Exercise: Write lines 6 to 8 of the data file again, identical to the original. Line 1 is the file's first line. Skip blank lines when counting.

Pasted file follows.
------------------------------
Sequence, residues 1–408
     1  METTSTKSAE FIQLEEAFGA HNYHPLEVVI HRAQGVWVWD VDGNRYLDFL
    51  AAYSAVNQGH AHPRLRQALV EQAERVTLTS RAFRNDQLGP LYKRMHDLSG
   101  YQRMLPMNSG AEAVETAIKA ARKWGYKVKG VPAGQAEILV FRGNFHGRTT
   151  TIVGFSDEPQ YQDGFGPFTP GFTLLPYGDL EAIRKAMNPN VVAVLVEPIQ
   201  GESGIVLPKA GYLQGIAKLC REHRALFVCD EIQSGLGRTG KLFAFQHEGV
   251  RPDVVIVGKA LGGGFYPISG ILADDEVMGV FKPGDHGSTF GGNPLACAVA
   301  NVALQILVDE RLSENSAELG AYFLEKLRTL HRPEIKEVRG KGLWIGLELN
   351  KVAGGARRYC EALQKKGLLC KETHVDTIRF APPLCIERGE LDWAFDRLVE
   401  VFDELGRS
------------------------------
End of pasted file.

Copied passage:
   201  GESGIVLPKA GYLQGIAKLC REHRALFVCD EIQSGLGRTG KLFAFQHEGV
   251  RPDVVIVGKA LGGGFYPISG ILADDEVMGV FKPGDHGSTF GGNPLACAVA
   301  NVALQILVDE RLSENSAELG AYFLEKLRTL HRPEIKEVRG KGLWIGLELN